What is Economies of Scale & Examples of Economies of Scale
It is a crucial topic in helping us understand the benefits for businesses of growth and expansion.
What is Economies Of Scale
Economies of scale is a notion that as a business grows in size and increases its output level. However, its overall costs, total costs will increase, the cost per unit the cost of manufacturing or producing one unit of output actually falls on.
There are several reasons for this, and we can split those reasons into two different categories.
Types for Economies of Scale
It is categorized as internal economies of scale, while others are external economies of scale.
Internal Economies of Scale
Purchasing Economies of Scale
Number one internal economies of scale is what is known as purchasing economies. This is the notion that it becomes cheaper for larger businesses to produce a unit of output as they are grown to expand because they can purchase their stock on their raw materials in larger quantities.
And because they are placing larger orders with their supplies, they can demand discounts per unit for being a more valued customer, reducing the business unit cost.
Marketing Economies of Scale
This is the idea that as a business grows and expands, it can split its marketing costs over more units of production, and it can do things like purchase advertising space in magazines, on TV channels in larger quantities. And they can demand discounts for being a more extensive, more profitable customer for its supplier.
Technical Economies of Scale
The next life economy is known as technical economies of scale. This is the notion that larger businesses can afford to invest in greater mechanization, more up to date productive machinery that compacts produce more products in a given amount of time.
And that again drives down the cost of producing each unit. because the latest technology, the most up to date efficient machinery, can help a business lower its unit cost
Managerial Economies of Scale
This is the idea that, when a business is smaller, it may not be able to invest in as much for specialization, particularly at a managerial level. But as business increases its scale of operations as it produces in larger quantities, it becomes more viable for the business to recruit specialist managers.
Maybe Specialist manages to work in areas of finance or areas of operations, or marketing.
And because these employees that have to join the organization arm was specialist, they should be able to perform their functions more productively, and it drives down the cost of producing a unit of output,
Financial Economies of Scale.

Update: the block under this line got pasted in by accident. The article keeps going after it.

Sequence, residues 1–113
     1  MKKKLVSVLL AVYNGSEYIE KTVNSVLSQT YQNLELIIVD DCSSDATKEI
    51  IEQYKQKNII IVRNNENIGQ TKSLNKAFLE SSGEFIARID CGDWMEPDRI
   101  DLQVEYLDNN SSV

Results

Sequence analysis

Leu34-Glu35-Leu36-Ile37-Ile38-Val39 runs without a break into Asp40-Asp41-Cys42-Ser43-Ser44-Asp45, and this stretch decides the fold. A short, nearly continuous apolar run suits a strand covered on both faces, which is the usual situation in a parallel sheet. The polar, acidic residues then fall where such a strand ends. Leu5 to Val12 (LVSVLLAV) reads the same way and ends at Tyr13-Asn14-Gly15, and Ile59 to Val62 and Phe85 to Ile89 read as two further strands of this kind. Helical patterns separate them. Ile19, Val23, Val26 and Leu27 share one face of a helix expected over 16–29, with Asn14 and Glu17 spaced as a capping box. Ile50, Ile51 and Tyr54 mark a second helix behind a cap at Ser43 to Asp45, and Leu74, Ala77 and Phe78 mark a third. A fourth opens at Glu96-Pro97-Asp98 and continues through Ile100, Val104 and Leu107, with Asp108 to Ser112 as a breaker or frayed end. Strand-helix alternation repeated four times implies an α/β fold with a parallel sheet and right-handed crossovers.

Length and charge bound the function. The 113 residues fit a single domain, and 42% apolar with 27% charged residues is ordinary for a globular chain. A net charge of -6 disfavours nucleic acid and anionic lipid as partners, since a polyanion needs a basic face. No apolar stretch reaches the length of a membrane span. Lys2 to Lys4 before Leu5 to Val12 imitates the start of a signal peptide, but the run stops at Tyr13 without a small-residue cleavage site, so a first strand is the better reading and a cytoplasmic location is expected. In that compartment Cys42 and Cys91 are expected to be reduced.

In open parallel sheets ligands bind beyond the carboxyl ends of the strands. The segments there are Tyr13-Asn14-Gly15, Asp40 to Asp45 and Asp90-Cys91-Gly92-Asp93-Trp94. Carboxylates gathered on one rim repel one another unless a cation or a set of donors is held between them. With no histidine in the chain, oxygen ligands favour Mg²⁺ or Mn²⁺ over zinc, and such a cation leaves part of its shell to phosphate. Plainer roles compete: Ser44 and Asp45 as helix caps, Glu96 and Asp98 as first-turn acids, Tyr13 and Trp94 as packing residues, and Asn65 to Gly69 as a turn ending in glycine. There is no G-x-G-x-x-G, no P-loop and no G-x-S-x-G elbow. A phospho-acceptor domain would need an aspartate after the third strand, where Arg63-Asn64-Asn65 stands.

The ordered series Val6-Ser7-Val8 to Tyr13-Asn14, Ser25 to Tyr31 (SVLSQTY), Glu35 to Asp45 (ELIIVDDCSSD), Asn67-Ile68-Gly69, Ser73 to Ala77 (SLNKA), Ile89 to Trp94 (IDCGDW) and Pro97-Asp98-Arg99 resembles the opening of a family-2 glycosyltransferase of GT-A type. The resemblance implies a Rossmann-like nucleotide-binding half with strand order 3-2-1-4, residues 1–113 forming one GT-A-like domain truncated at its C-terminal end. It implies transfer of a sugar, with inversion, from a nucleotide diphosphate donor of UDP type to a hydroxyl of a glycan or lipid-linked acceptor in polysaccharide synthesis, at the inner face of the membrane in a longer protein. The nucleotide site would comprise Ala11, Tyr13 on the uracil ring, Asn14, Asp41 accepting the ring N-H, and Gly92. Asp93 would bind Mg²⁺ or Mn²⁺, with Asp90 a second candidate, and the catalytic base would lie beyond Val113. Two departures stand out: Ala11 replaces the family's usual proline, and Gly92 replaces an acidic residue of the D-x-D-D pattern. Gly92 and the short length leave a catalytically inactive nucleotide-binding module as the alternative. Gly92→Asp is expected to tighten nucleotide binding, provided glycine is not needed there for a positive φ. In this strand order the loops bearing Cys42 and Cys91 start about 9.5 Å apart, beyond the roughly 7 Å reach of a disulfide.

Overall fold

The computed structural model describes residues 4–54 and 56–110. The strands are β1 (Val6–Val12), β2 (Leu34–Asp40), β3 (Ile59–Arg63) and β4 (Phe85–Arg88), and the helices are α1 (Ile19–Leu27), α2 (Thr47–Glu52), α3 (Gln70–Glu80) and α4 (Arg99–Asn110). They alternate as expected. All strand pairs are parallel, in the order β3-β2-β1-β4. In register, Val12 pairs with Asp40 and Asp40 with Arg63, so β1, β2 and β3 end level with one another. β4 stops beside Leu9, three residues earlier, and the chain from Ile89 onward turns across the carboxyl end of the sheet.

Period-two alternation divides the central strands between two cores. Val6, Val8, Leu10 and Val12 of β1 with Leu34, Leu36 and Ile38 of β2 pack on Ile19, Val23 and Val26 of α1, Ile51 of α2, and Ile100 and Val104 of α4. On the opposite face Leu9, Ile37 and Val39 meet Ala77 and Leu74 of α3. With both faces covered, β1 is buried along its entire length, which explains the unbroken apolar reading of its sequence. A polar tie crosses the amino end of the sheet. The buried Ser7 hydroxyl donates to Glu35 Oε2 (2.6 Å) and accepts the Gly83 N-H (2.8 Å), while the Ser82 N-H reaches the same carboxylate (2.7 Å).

That’s because as businesses grow and expand as they become larger, they have access to sources of finance that smaller businesses much struggle to access. And they can obtain bank loans, that’s a more competitive rate of interest because they’re borrowing in more considerable sums.
They become a more valuable client for financial institutions like banks to negotiate with those banks lower interest rates because they are very lucrative customers to that bank because of that borrowing much larger sums of money.
External Economies of Scale,
Rather than these issues taking place within the organization that is driving down the average cost of producing a unit of output.
These are issues that are taking place across the entire industry and it is not just one firm benefits from reduction unit costs but all organizations in that industry may experience the same reduction in costs as the first reason for that might be because of infrastructure changes.
Perhaps local authorities or national governments investing new infrastructure projects all organizations in an industry might benefit from, such as building new transport links that benefit firms and drive down their costs.
Or perhaps, and investments in superfast broadband networks that all organizations in an industry might enjoy together on all experience a shared reduction in unit costs.
The next reason that’s external to a business that might prompt a fall in unit costs is external economies of scale associated with technological advancements.
Because of scientific breakthroughs because of advancements in research and development and new inventions and innovations, it may be possible that all firms in an industry can take advantage of those advances. All firms are industry together, share a reduction in unit costs.
The final external economy of scale could be to do with knowledge because a group or an industry might all be clustered in a specific geographic location; they may benefit from the knowledge that such a cluster of expertise fosters.
If you look at the car industry in the West Midlands in the United Kingdom, many firms all in the same industry are geographically located in that same area.
And so, expertise is developed; Local universities focus on providing graduates for those industries. Firms can benefit from poaching employees from each other, they bring great, and knowledge and skills to that organization on it help drive down the unit costs of the entire industry.
When there is a body of knowledge and expertise in the local area that can help make firms in the industry more productive and more efficient.
That is economies of scale, the notion that as a business grows increases, its production units on the average cost of producing each item actually falls.